I only buy Vitamin Water, I mean, not instead of real water, but if I want vitamin-infused water, I only want Vitamin Water. I'm brand loyal and they have good packaging - what can I say? I've always felt like Apple feeds off of people like me, they get their hooks in and turn us in to brand-chasing drones. "You like carrying your entire music library around with you? Check out this iPod." "Bet you wish it made phone calls? Get this sweet iPhone." Apple makes exceptional products and knows how to sell them.
Much has been written about Apple's halo effect, the idea that if you buy an Apple product and like it you are more likely to purchase other Apple products. This kind of brand affinity is what marketers and advertisers strive for. That's why I am skeptical when I hear about new products that are meant to be "iPad killers."
I know that tons of people are more 'price sensitive' than 'brand loyal' and these 'iPad killers' will carve out a piece of the market. But if Samsung produces tablets that have front facing cameras, it doesn't make me want to buy a Samsung tablet. It makes me anticipate the next generation of the iPad, which rumors suggest will have a front-facing camera.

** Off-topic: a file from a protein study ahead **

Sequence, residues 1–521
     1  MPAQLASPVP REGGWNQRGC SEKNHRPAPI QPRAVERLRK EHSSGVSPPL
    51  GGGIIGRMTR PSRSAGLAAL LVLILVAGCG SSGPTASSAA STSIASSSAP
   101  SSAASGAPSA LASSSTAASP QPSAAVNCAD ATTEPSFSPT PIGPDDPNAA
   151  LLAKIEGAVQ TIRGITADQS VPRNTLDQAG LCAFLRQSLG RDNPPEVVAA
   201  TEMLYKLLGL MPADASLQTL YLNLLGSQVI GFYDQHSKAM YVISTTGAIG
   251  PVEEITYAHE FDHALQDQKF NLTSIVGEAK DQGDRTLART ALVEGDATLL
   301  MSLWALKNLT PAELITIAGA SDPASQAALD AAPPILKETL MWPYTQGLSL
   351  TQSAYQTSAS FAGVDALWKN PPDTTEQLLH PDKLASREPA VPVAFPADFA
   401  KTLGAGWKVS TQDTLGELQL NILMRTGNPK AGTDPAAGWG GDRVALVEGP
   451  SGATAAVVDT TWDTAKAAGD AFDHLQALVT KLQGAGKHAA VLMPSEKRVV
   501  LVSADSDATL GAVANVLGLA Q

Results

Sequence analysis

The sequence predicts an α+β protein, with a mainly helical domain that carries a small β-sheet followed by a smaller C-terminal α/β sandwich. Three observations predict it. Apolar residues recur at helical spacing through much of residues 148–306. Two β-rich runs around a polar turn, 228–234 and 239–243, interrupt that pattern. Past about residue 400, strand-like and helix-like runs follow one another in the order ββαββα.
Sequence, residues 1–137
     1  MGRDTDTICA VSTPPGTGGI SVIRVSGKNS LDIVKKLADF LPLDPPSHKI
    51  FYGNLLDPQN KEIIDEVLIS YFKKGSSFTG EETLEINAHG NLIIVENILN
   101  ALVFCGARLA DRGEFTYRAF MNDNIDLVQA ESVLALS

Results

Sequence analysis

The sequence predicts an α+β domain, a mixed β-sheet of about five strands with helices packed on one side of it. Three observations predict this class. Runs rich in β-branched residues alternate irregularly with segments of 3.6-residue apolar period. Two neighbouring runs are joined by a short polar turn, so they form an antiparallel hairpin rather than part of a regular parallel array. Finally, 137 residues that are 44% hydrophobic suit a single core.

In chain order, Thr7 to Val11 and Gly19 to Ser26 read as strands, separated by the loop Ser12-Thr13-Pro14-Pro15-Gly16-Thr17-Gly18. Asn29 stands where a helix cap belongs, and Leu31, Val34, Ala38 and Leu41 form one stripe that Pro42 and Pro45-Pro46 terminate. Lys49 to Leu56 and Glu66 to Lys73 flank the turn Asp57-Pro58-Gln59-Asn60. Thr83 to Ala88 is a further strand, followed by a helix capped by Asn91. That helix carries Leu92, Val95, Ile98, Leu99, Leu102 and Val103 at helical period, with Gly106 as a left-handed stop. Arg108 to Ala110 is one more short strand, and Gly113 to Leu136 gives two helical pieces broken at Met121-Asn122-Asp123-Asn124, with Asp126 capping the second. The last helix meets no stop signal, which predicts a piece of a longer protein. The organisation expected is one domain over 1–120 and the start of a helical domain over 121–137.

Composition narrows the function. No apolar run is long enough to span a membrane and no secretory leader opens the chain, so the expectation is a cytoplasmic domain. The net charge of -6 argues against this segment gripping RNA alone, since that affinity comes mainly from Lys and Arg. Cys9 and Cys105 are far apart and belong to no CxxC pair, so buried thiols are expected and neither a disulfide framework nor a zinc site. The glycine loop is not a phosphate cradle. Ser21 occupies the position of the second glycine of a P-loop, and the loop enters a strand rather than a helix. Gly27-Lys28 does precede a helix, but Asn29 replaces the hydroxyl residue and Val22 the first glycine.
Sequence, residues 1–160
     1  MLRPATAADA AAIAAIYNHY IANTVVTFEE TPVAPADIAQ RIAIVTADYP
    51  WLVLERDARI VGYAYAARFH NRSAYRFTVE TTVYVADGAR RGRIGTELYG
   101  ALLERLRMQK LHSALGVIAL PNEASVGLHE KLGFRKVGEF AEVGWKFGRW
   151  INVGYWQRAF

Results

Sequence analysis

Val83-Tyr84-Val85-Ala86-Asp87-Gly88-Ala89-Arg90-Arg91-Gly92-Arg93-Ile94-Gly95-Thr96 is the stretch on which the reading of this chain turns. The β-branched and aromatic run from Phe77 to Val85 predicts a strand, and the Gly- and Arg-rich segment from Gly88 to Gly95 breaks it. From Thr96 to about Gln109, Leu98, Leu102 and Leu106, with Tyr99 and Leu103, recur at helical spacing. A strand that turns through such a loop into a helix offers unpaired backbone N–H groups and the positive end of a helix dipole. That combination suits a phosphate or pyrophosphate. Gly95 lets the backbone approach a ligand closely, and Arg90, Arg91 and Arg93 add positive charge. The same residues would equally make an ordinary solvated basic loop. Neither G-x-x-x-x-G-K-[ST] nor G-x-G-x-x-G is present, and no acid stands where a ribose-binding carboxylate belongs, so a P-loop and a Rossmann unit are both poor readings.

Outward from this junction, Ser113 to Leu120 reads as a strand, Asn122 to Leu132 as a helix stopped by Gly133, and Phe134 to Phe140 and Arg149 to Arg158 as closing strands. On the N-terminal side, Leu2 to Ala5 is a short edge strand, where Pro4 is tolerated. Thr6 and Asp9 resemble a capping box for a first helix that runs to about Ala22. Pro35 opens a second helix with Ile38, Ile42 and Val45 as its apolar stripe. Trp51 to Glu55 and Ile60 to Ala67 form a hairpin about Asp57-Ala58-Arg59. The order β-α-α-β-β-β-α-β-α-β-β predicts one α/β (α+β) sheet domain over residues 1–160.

I don't own an iPad, I can't afford it now--let alone a possible next generation iPad that may or may not have the same or better/worse features than what I am sure are great Samsung and Sony tablets. It's a testament to Apple's branding efforts that I'm brand loyal to a product I don't even own. It's like the kid in A Christmas Story, footballs are fun, but nothing can replace the Red Rider BB Gun.
Recently, Apple eased restrictions for developers, letting them use third-party tools to write apps for the iPhone and iPad. This is a smart, more egalitarian way for Apple to head off competition - it makes it less likely that developers will make apps for competing platforms such as Google's Android mobile OS. It will also undercut the FTC 's anti-trust investigation into the company. The sleekly designed iPad isn't just about the physical tablet itself - it's the app economy, stupid.
Developers have spent considerable effort creating excellent apps for the iPad interface. Like, say, the critically acclaimed Newsy app for iPad, which is oft touted as having revolutionized the news industry. Now that Apple is letting more developers into the market, developers in general have little incentive to constantly reformat their apps for products that haven't proven themselves yet. These new products are facing a serious challenge. Now that they have their tablets they have to attract content, a task that just got much harder now that Apple is opening its doors a bit.